At the Holiday Fair, vendors are carefully selected to guarantee only the best experience for their visitors. If you’re looking for gifts, you’ll find a wide selection of one-of-a-kind items. More than 1 million shoppers pass through the holiday fair each day. The iconic transport hub is a convenient location for a jolly extravaganza!
Inside the Oculus, you can find a whimsical pop-up holiday market called “The Market at Westfield World Trade Center” that will make your commute even more magical. A path leads you through a little winter village featuring over 20 specialty shops limited edition gifts, snacks and souvenirs. As if the Oculus wasn’t already one of the most beautiful photo ops in the city, a few more props were added to help you get the perfect Christmas card photo this year. The festive decorations include a clocktower, a chrome snowman, and a lush winter landscape.
The Underground market named “Turnstyle” features 39 eateries and several popups. For the holiday season, they added several seasonal shops, helping you to do some indoor gift shopping. It’s perfect for those who want to stay indoors. Compared to other holiday markets in New York, however, it feels less festive here.
In total, there are seven entrances to the market. Just follow the signs that are posted generously throughout the underground. You don’t need to swipe your MetroCard to visit the Turnstile Holiday Market in NYC.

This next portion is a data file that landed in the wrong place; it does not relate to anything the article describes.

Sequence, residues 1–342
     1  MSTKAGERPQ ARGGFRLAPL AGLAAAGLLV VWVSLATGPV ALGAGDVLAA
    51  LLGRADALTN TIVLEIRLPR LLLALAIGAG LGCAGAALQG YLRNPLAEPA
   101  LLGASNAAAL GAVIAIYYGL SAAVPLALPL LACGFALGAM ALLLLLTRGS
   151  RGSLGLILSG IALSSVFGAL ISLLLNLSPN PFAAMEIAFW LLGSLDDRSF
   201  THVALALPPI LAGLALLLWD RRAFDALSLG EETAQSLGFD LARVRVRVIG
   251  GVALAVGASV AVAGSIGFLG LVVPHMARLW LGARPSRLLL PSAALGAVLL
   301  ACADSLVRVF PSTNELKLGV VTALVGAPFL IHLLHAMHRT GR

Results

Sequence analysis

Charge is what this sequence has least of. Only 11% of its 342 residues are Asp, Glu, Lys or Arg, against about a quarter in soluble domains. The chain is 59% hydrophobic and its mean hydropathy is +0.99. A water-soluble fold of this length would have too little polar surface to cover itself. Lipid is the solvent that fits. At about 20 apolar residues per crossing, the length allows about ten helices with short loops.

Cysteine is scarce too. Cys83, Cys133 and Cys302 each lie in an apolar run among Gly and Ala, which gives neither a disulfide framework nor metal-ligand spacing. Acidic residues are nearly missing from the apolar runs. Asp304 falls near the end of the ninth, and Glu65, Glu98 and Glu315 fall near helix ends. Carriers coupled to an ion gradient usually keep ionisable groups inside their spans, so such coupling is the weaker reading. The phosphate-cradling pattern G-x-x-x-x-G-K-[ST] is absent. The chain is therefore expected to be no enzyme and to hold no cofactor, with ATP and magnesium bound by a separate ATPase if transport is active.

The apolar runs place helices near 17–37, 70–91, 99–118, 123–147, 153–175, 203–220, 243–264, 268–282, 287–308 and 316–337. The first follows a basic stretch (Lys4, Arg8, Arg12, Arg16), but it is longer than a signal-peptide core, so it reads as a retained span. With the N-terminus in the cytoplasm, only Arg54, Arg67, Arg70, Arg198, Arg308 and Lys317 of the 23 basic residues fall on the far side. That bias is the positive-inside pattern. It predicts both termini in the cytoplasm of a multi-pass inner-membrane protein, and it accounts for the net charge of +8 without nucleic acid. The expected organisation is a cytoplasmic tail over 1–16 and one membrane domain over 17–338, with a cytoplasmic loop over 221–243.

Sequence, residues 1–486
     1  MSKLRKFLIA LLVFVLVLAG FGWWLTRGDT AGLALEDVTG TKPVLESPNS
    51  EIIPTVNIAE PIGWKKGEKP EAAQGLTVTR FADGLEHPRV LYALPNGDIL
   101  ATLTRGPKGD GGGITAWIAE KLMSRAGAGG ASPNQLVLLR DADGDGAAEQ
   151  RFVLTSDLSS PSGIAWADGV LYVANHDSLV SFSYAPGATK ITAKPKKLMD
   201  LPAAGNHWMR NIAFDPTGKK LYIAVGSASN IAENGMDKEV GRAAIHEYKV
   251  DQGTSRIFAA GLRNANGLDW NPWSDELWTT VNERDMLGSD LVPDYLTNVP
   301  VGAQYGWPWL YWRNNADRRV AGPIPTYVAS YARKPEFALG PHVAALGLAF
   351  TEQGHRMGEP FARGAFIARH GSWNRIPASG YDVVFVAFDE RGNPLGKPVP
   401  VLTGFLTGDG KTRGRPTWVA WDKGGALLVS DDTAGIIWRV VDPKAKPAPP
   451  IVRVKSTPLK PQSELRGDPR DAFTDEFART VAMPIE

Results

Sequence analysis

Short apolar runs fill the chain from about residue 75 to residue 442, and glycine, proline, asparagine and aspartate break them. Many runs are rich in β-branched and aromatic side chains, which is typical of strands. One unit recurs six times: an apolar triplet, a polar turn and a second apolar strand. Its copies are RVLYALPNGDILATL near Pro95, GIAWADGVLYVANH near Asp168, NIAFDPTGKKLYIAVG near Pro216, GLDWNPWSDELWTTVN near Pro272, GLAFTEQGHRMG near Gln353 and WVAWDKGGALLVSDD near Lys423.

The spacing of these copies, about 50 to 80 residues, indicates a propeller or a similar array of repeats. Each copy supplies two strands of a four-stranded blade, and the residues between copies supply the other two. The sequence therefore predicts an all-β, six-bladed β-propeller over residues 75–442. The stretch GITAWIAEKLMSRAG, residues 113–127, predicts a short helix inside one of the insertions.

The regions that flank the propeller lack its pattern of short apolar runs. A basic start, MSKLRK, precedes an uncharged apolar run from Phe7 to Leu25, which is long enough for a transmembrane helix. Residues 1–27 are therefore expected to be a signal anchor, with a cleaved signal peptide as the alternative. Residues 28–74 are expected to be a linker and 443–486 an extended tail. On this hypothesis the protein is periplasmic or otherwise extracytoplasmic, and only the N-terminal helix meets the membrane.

Staten Island’s Empire Outlet is celebrating its holiday market. Local merchants are offering their goods on the third floor of Empire Outlets. The market gives you another reason to ride the free Staten Island Ferry. Once you’ve arrived, you can visit the Christmas market, shop at the outlet and also stop by the Winter Lantern Festival at Snug Harbor, one of the best Christmas Lights in NYC, to fully round up your day on Staten Island.
During the holiday season, Grand Bazaar hosts a seasonal version of its iconic flea market. The curated market takes place on Sundays on Manhattan’s Upper West Side yearlong but pulls out all the stops during the holiday season. Anyone interested in furniture, vintage clothing, jewelry, and crafts will feel like they are in a Yuletide paradise here.
Each week, the bazaar features a variety of merchants on rotation, offering tchotchkes, antiques, and delicious local cuisine. Be sure to come hungry!
There are even more, smaller holiday markets in New York that you can explore during your trip. Even if you’re not interested in purchasing souvenirs or gifts, visiting a New York Christmas market transports you to a winter wonderland where you’ll experience a festive atmosphere and enjoy warm drinks among splendidly adorned walkways and parks. We’ve listed some more holiday markets in NYC for you here.
Read also our other posts on Christmas ;
Christmas markets in England ;
Christmas markets in Italy and Germany ;
Christmas tree origin and quotes ;
Traditional Christmas Carols ;